Brisbane and Melbourne Airports appear to be holding the line as their states’ school holidays bring a fresh surge of passengers.
It follows previous end-of-term getaways leading to record nationwide delays in April, June and July as the industry battled chronic staff shortages and COVID absences.
On Monday, both airports saw an average delay of just 20 minutes for each passenger, according to the latest data from Flightradar24, while social media reports of disruption were subdued.
Victoria and Queensland are the first states to begin their holiday period and will be followed shortly by the ACT, NSW, NT and WA on 24 September and SA on 1 October.
It comes after Qantas repeatedly said it was confident its services would return to pre-pandemic standards by September.
“On-time performance has improved from 52 per cent of flights on time in July to 67 per cent in August and 71 per cent from 1-14 September,” it said in a statement.
“Flight cancellations also reduced to just 2 per cent during the month so far, down from 7.5 per cent in June and 4 per cent in August. The current figure is below pre-COVID levels.
“Performance will be tested in coming weeks with school holidays, long weekends and football finals driving high levels of demand at peak times.
“Customers are encouraged to arrive at the airport at least 90 minutes ahead of the scheduled departure time for domestic flights and three hours ahead for international flights.”
Brisbane Airport is expecting more than one million people to pass through its buildings in the two weeks of the holidays, with a record 12,300 passengers forecast on peak days, while Melbourne Airport expects 1.5 million.
“The recent work the airlines have been doing to improve their operational performance is starting to show in their on-time data, and our team is doing what we can to support them,” said CEO Lorie Argus.
“The airport will be busy, so we’d encourage passengers to allow plenty of time to help take pressure off themselves and the system.”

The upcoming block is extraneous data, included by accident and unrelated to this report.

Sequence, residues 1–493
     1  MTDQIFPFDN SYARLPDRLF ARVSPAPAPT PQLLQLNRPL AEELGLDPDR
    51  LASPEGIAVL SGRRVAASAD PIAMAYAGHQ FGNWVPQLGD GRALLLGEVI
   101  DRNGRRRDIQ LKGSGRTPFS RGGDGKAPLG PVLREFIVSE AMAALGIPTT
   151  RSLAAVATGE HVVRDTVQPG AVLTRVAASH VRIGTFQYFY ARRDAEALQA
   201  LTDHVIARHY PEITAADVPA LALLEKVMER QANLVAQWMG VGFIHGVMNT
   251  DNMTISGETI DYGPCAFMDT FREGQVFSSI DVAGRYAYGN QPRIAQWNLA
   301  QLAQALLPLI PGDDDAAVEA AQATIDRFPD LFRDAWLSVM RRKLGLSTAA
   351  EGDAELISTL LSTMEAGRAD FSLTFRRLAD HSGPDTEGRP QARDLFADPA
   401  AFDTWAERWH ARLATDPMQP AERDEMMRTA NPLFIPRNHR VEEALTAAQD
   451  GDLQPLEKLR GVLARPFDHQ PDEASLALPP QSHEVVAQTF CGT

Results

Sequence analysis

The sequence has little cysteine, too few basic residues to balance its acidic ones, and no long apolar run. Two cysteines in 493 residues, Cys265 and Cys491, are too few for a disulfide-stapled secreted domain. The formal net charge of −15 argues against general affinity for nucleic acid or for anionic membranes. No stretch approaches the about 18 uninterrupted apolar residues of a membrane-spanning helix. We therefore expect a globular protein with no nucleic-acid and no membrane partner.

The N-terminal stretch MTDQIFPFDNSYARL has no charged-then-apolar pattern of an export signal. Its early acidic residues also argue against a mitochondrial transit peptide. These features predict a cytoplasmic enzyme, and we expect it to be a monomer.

It comes after Australian Aviation reported this month how domestic airlines were significantly reducing capacity to mitigate the delays and cancellations caused by staff shortages and sickness.
The ACCC revealed the cut in seats for sale during the last few months came despite the local industry hitting 97 per cent of pre-pandemic passenger numbers in June.
“The domestic airline industry carried 4.7 million passengers in July 2022, marking a new high since the pandemic first impacted the industry in early 2020,” said the competition watchdog in its latest quarterly report on the industry as it recovers from the pandemic.
“July 2022 was the fourth consecutive month with more than 4 million passengers flying, representing notable stability for an industry that has endured regular interruptions in recent years.
“Despite the high number of passengers, the July 2022 figure only represented 89 per cent of the number of passengers who flew at that time of year in 2019, prior to the pandemic.
“This was the same as the recovery levels reached in April 2022, but below the recent high in June 2022, which saw passenger numbers reach 97 per cent of pre-COVID-19 levels.”
Separate Cirium figures recently released also showed how Virgin, Qantas, and Air New Zealand were named among the global airlines with the current highest cancellation rates.